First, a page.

The National Aeronautics and Space Administration signed an $11.6 million contract with a 22-member Arab organization yesterday to launch a communications satellite from the space shuttle in 1984.
Both Libya and the Palestine Liberation Organization are members of the "Arabsat" consortium.
The original proposal to build the satellite caused an uproar on Capitol Hill until the administration was able to persuade senators that the deal did not involve military technology or imply recognition of the PLO.
The Arabsat consortium belongs to the 22-member Arab League and its center of operations is to be in Riyadh, Saudi Arabia.
"The PLO owns six-tenths of 1 percent in the system. We argue and our lawyers agree that this in no way represents U.S. recognition of the PLO. They are in a number of U.N. bodies and we don't pull out of them. This was a straight commercial deal," said Deputy Assistant Secretary of State Leslie H. Brown.
The United States maintains that it will not deal with the PLO unless it recognizes Israel's right to exist.
The United States also has no diplomatic relations with Libya and has a policy of selling no military goods to the government of Muammar Qaddafi. Libya owns 18 percent of Arabsat, and when the administration first submitted the original deal to build the satellite to Congress, there were questions about its military applicability.
Brown said the satellite has one television channel and the remainder are telephone channels.
"It has the same military utility as any telephone," he said. "It has no encryption capabilities."
The members of Arabsat got no more than they already had through the existing Intelsat satellite communications system, Brown said.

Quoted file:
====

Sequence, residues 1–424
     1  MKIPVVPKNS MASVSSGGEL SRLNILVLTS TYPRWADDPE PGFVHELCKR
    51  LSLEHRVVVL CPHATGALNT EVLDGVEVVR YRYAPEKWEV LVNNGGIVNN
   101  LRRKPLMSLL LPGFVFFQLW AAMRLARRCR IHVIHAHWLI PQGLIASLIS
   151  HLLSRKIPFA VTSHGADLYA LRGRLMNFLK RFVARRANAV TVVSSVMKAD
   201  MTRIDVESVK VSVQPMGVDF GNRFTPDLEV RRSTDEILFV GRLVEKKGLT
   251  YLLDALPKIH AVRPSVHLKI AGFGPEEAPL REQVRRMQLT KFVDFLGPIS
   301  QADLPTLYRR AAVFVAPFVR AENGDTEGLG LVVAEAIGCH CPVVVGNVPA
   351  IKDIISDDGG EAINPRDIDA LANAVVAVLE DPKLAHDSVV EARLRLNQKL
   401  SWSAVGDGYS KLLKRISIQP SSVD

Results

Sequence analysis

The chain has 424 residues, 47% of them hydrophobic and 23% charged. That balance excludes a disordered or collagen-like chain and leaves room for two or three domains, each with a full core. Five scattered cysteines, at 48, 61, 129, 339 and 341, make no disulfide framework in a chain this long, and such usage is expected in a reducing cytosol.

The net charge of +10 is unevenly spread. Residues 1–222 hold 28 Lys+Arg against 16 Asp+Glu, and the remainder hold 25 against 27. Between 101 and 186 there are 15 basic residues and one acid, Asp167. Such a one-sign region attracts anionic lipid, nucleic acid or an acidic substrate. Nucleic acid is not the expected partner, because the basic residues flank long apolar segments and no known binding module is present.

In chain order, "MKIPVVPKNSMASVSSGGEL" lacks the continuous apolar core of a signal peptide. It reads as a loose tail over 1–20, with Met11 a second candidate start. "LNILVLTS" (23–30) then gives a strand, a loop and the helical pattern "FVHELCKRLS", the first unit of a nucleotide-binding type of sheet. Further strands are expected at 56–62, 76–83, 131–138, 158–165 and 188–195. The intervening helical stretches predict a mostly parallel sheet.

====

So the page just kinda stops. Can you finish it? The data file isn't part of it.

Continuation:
There would be no transfer of technology involved in the deal since the satellite itself never would go into the hands of the Arabsat owners, Brown said. He added that ground control stations are to built in "friendly" countries -- Saudi Arabia and Tunisia -- and that the Saudis are to control the television programming for the satellite transmission.
Arabsat originally ordered three satellites from the French company Aerospatiale, but the components were built by Ford Aerospace of Palo Alto, Calif., a subsidiary of Ford Motor Co., in an $89 million deal.
Both the original deal to build the satellites and the launch contracts were caught up in the increasingly intense competition between the United States and Europe for the upper hand in the commercialization of space.
The first Arabsat satellite is to be sent up on a French Arianne rocket in early 1984, before the shuttle launch of the second unit. The third satellite ordered by Arabsat is understood to be a reserve unit should one of the first two fail.
The space shuttle went into commercial operations with last week's mission -- its fifth -- during which it launched two communications satellites, one for an American company and one for a Canadian.
Gen. James A. Abrahamson, associate administrator of NASA, said yesterday that the shuttle is a commercial service and such activities as the satellite launches "should not be considered a political activity."